Latest coronavirus: Tokyo-area governors call for near-state of emergency

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Nikkei Asia is tracking the spread of the coronavirus which was first detected in the central city of Wuhan in China.

Cumulative global cases have reached 327,509,303, according to Johns Hopkins University in Baltimore. The global death toll has reached 5,538,591.

For more information on the spread of COVID-19 and immunization progress around the world, please see our interactive charts and maps.

— Global coronavirus tracking charts

— State of vaccinations in the world

Monday, January 17 (Tokyo time)

6:00 p.m. The governors of Tokyo and its three surrounding prefectures have agreed to jointly request the central government to put the region under a near state of emergency. The governors discussed the issue in an online meeting as the number of COVID-19 cases rapidly increases in the capital region. If the central government agrees to the request, local governments will have the power to ask restaurants and bars to reduce opening hours and stop serving alcohol.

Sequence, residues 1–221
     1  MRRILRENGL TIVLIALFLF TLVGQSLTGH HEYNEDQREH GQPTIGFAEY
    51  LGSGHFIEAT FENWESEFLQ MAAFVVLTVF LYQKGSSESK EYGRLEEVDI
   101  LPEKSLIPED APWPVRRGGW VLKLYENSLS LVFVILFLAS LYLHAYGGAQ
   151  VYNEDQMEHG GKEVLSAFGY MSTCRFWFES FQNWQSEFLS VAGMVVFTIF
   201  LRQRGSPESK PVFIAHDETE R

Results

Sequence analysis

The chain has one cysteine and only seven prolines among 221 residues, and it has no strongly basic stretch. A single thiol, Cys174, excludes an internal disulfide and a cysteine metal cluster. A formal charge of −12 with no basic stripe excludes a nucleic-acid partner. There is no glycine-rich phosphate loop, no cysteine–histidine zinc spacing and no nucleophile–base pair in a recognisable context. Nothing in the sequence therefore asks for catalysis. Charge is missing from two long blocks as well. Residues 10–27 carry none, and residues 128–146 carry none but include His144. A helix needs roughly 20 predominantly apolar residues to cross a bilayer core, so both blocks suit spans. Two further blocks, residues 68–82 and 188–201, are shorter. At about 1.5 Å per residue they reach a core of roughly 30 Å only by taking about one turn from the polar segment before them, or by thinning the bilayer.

15:00 Japan will offer booster shots up to two months earlier than planned, Prime Minister Fumio Kishida said in a speech to parliament amid the omicron surge. With an upper house election scheduled for later this year, containing the pandemic is critically important to Kishida. His predecessor, Yoshihide Suga, was forced to resign after public support plummeted in the face of rising infections. Less than 1% of Japanese people have received boosters – far behind 53% in the UK and 24% in the US – according to Oxford University’s Our World in Data project.

1:30 p.m. Japan plans to allow 87 government-sponsored foreign students into the country as exceptions to the COVID-19 entry ban, Chief Cabinet Secretary Hirokazu Matsuno has said. Students have less than a year left before they graduate or complete their education, he said. The government will review individual cases by making new exceptions, Matsuno added.

Under Australian immigration law, Novak Djokovic cannot get another visa for three years unless the immigration minister finds there are compelling or compassionate reasons. ©AP